When catching up with friends I haven’t seen in a while — usually because of COVID-related lockdowns and such — the conversation inevitably comes around to: “What have you been doing to keep busy?”
In my case, it basically sums up to writing, playing Xbox with friends (which is a solid way to keep human interaction going when stuck at home), venturing out to Costco for essential supplies, and making turkey sandwiches.
I also spend quite a lot of time behind the wheel of cars. Taking a solitary drive to nowhere in particular is a fun thing to do in normal times, but I’ve been driving to nowhere more than usual over the past few months both to review my test cars and for the positive mental health aspects of getting some fresh air.
The G70 features a sporty back end.Photo courtesy of Genesis Motors
I have friends who are mildly horrified to find themselves whispering “I even miss my commute.” I totally get this, particularly since I work from home. A commute is a time for solitude — you get some time away from both the family and your work. It’s a time for you to just focus on driving, or listening to your podcast, or Taylor Swift or whatever.
Nothing makes you appreciate stop-and-go traffic more than not having to sit in it anymore. And it’s both those drives-to-nowhere and the stop-and-go traffic that makes me particularly appreciate my test car this week: the 2020 Genesis G70.
Genesis is Hyundai’s new(ish) luxury brand, competing with Lexus and BMW and Mercedes and the like. The G70 is a compact sports sedan, going up against the 3 Series, C-Class, IS, and A4 — and it does a terrific job of it.
My tester was fully-loaded with the 3.3T Sport Package, which means it sported a 365-horsepower and 376 lb-ft 3.3-liter twin-turbo V6. Which means it’s fast. And then Genesis loaded it up with a sporty suspension, limited-slip diff, Brembo brakes, all-wheel drive, and a bunch of other stuff to make it go fast and handle well. It worked, too.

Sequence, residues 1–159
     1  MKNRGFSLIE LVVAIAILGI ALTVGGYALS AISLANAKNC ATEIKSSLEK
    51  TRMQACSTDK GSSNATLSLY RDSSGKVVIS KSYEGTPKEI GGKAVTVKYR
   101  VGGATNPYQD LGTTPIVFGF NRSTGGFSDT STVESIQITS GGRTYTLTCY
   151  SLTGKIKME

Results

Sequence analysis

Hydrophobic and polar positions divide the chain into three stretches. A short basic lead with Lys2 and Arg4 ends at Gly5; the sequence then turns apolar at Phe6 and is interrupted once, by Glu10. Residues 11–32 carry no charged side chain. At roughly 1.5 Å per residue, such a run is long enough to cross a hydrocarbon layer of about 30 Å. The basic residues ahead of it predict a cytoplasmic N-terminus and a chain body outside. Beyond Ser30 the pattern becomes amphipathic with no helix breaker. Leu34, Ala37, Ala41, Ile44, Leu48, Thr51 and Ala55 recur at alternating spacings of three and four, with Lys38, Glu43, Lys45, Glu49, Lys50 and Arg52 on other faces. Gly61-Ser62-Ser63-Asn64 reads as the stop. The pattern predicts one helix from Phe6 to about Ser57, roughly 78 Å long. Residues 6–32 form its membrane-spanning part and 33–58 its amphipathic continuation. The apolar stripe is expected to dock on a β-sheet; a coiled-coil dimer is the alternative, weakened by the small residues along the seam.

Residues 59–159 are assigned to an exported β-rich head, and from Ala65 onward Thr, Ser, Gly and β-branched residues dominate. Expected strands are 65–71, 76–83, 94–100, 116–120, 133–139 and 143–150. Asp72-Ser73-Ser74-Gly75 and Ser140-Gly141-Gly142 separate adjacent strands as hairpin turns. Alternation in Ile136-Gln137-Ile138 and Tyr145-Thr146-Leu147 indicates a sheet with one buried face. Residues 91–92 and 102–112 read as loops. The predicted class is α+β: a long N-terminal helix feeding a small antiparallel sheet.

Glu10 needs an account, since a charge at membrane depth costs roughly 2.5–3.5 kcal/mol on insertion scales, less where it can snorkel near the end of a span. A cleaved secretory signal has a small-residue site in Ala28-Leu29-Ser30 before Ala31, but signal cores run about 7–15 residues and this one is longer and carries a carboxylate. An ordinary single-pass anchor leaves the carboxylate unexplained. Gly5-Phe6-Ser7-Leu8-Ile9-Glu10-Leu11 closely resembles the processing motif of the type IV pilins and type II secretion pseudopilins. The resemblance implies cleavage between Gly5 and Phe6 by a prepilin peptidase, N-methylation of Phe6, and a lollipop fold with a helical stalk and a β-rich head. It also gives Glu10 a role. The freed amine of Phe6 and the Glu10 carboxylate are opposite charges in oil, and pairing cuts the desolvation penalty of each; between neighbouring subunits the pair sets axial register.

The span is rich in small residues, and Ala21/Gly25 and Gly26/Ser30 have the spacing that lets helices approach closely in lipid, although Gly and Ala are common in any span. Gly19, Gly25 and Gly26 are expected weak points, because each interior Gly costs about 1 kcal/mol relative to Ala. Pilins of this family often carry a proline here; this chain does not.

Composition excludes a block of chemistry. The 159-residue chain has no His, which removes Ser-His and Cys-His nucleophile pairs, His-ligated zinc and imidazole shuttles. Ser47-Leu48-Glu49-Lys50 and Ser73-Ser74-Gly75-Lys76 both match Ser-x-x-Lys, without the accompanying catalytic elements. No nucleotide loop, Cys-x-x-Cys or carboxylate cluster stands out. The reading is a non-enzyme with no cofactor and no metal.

A six-speed manual transmission is available on the G70 but Genesis saw fit to lend me one that had a smooth eight-speed automatic transmission.
The interior of the G70 is sleek and well-appointed.
Photo courtesy of Genesis Motors
Inside was the same story. There were gorgeous quilted leather seats, a terrific heads-up display, Hyundai’s phenomenal adaptive cruise system with lane-keeping, a great stereo, and a bunch of other stuff like a suede headliner which is unnecessary but still kind of fun.
Don’t get me wrong, any car that prices out at $51,275 is going to be nice and chockablock full of features. But the Genesis G70 seems just a little bit better in that department. Perhaps it’s because it comes with the same terrific warranty that Hyundai offers on all its cars: a 5-year/60,000-mile bumper-to-bumper, plus 10-year/100,000-mile powertrain coverage.
Or maybe it’s the Genesis Concierge service that — even before COVID — let you set up at-home test drives and delivery of your new car to your house (because we all know how much fun dealerships can be).
I do have a couple G70 nitpicks though. If you look on the front grille, which is the centerpiece of a rather excellent front end, there’s a largeish plastic rectangle in the center. This is where the radar for the adaptive cruise control sits, and it causes a bit of a jarring effect to the overall look of the car. It doesn’t quite fit right, and I wish there was a better way. As we get cleverer and more complex safety systems, hiding these sensors will be an increasing challenge. I imagine Genesis will get better at this as well.
Genesis has given the model the features and drive experience sports sedan buyers are looking for.Photo courtesy of Genesis Motors
Finally, there’s the Genesis badge itself. It just doesn’t have the presence that this car — which in all other respects is a worthy competitor to the existing luxe-mobiles from Germany and Japan — deserves. The blue-and-white BMW logo or the four-rings of Audi or the three-pointed star of Mercedes-Benz… they’re all instantly recognizable and totally distinctive.
The winged Genesis logo looks to me a bit like a Bentley knock-off, a badge not worthy of the stellar vehicle it’s attached to. And in this market, brand cachet counts for a lot. But if the worst thing I can say about a car is that I don’t like the badge? That’s a pretty big compliment in itself.